with Lisa Peterson
Dear Lisa: My 2-year old Belgian Tervuren is traumatized by thunderstorms. I know this is a common problem, but this particular dog remains fearful of the outdoors for days or even weeks after hearing thunder. I'd prefer to treat this problem through behavior therapy rather than drugs. Do you recommend for desensitizing her, and is this something a dog owner could try? – Terrorized by Thunderstorms in Tacoma
Dear Terrorized: Fear of loud noises, including thunderstorms, is a common complaint I hear from dog owners. Pets can develop sound sensitivities usually between the ages of two and four. And they tend to get worse with age, sometimes not even showing up until very late.
Dogs who behave in this way are usually triggered by some external force. They may know that the impending storm is approaching by sensing such things as the increasing wind, darkening sky and the drop in barometric pressure as the weather front approaches. They know it's coming and anticipate “impending doom” which makes them nervous to all sounds.
Some behaviorists will tell you to try a desensitization program where you gradually introduce the “fear” noise at a very low volume and then increase the volume and praise when they behave appropriately. This takes a long time to implement and a lot of patience on the part of the owner. You won’t know it worked until someday your dog isn’t afraid anymore.
Others may suggest trying to divert your dog’s attention to the “impending doom” by playing a fun game with her at the right moments to turn the bad triggers into good triggers.
Your veterinarian may suggest you treat the dog with some kind of tranquilizer or go the more natural route with herbal mixtures. Sometimes these work, sometimes they don’t.
But the best “cure” I have found I learned at a seminar by Pat Hastings, a respected AKC dog show judge, breeder and handler. She swears by this and I have seen it work on one of my friend’s dog who used to jump into the bathtub during a thunderstorm and quiver. Get yourself a bottle of peppermint oil from the health food store. When the storm is approaching put a drop or two of oil on the bottom of each foot, right on the pad. While no one knows why this works, once the oil is on for a bit, the dog no longer cares about the thunderstorm. And she’ll smell very nice!
Dear Lisa: I have a 14-month old pug who eats earthworms every chance he gets. He eats the same amount dry dog food as his brother but eats the earthworms as snacks during his outside time. His brother does not eat earthworms. I'm sure hunger isn't the issue. Is he missing something in his diet? Can the earthworms be harmful to his health? Should I prevent him from eating them? – Unearthed Delights in Delaware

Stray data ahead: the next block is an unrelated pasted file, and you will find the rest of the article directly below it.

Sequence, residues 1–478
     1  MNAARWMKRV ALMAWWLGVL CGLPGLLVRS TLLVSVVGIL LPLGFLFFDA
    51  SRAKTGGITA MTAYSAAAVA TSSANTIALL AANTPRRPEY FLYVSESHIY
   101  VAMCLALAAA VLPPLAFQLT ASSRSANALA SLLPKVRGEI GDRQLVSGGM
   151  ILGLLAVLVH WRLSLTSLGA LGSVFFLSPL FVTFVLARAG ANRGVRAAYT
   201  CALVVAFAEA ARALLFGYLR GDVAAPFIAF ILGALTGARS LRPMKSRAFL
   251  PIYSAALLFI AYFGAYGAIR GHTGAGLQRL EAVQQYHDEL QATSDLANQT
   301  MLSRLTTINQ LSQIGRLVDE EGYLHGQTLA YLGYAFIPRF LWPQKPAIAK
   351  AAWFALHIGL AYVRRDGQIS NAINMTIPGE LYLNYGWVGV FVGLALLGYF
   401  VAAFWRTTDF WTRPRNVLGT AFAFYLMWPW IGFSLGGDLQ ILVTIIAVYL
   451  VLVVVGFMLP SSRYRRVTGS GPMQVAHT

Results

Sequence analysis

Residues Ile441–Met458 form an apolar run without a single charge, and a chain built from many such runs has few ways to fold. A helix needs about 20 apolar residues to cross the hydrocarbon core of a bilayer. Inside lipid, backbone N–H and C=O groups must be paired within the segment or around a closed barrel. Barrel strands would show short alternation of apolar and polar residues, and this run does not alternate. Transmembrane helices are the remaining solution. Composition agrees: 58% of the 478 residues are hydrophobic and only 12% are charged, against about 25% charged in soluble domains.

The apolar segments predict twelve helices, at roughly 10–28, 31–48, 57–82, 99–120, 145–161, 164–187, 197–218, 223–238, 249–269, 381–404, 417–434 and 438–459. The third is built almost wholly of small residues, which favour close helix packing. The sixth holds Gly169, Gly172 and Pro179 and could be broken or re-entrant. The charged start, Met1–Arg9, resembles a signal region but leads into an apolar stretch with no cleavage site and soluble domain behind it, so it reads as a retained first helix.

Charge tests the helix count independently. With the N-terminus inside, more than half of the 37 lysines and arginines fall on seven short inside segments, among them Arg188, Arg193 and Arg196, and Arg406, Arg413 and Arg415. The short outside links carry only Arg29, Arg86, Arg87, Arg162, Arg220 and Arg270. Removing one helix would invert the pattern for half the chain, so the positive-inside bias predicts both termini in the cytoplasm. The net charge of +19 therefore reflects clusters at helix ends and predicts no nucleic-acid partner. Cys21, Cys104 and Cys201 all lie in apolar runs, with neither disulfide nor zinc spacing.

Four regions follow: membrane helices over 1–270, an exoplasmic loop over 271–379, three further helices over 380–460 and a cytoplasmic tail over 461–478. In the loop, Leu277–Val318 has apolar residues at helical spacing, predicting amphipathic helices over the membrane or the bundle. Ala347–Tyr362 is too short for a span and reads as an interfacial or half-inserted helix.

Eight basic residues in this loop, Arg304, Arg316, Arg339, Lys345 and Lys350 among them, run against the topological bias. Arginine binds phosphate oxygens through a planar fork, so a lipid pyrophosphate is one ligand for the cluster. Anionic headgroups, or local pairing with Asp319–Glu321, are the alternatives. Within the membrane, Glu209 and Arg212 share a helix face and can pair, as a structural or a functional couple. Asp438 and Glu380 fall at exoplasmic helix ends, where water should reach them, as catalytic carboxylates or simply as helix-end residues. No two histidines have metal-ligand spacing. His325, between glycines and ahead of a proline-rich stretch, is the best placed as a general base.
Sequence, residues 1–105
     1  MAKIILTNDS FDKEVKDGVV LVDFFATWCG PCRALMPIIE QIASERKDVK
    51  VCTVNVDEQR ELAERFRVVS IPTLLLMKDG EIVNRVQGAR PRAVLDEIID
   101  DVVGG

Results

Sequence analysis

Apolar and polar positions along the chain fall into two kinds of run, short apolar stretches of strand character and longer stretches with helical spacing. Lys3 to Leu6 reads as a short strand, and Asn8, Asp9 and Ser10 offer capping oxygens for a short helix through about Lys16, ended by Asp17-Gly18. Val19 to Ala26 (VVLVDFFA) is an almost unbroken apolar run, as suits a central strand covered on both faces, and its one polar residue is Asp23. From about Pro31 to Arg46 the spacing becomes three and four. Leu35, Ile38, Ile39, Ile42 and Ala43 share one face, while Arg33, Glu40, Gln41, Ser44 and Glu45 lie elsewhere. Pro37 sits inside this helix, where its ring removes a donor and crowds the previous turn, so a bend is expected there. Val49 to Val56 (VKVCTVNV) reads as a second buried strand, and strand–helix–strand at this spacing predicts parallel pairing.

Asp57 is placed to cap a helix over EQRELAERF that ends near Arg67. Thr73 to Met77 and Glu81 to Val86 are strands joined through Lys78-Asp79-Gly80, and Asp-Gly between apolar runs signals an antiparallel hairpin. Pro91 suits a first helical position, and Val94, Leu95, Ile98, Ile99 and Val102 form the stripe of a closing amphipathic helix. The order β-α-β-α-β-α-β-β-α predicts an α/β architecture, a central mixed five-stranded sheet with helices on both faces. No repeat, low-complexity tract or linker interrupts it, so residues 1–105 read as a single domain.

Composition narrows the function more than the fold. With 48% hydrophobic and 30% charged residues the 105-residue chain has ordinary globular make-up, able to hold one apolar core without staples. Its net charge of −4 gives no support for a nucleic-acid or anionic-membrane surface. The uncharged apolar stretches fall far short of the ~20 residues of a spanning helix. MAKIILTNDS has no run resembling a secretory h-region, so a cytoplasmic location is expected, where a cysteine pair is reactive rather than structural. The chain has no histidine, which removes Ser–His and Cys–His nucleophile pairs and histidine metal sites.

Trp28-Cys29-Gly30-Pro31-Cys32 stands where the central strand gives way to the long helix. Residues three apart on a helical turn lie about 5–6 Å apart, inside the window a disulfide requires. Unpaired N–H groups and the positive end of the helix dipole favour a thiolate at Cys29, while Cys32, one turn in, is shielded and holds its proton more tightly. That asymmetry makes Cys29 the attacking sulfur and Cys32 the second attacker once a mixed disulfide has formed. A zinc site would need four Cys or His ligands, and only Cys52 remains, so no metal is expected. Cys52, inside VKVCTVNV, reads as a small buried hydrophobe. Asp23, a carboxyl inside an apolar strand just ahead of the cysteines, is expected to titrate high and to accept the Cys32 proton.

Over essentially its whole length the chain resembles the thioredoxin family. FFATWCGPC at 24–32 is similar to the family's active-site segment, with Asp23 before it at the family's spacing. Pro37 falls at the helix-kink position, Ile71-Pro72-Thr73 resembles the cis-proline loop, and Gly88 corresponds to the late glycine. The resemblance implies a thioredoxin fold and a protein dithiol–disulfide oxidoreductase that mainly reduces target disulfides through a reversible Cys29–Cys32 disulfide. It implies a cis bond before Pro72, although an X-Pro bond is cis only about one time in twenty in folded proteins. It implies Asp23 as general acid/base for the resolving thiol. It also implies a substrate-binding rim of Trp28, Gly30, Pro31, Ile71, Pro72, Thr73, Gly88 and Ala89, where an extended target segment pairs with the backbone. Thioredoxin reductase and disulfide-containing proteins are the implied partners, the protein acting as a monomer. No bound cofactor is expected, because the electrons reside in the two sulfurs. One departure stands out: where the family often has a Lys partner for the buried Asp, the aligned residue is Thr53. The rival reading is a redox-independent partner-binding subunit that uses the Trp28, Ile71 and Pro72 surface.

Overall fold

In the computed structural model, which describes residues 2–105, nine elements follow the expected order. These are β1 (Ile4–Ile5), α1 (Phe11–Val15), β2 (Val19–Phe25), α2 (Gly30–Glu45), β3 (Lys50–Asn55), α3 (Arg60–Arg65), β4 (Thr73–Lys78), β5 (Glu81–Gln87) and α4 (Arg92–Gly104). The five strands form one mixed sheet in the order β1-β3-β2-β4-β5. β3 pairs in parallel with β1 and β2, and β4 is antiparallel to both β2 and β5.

Dear Unearthed: Dogs will eat the craziest things. Many times experts don’t know why or have conflicting opinions. For example, there is no solid evidence as to why so many dogs eat grass. Some say they must be missing a nutrient, others claim dogs do it to ease gastrointestinal troubles or some say it simply means dogs like greens!
As for earthworms, I’ve heard some dog owners report that their dogs devour these segmented hors d’ouevres with no ill effect. However, there are a few reasons why you should not let your pup scarf up this garden garnish.
Earthworms are great for soil because they move it around, clean it up and deposit nutrients. They do this by swallowing the soil. Some of the things that an earthworm might run across on his errands include bacteria and other parasites that are harmful to dogs.
While bacteria could cause stomach upset in your pet your biggest worry should be roundworms. The eggs of the roundworm (Toxocara larvae) can be left behind in soil by other dogs or wildlife and then ingested by the earthworms. Then once the earthworms are eaten by your dog, he runs the risk of getting the common parasite. Puppies are quite susceptible to getting roundworms, especially from their mothers. But adults can get them too.
Check your dog’s stool for spaghetti-shaped worms for the main telltale sign of roundworm infection. If your dog does get roundworms, don’t despair, working with your vet on a de-worming protocol will usually take care of the problem. It is estimated that a medium-sized garden can contain more than 20,000 earthworms. Worse yet, if your dog gets roundworms he could spread them to you. So don’t let your dog eat the earthworms and keep him and you parasite free.Lisa Peterson, a long-time owner/breeder/handler of Norwegian Elkhounds, is the AKC Director of Club Communications. If you have a question, send it to Lisa at email@example.com and she may select it to be answered here in Ask AKC.
© 2006 The American Kennel Club, Inc.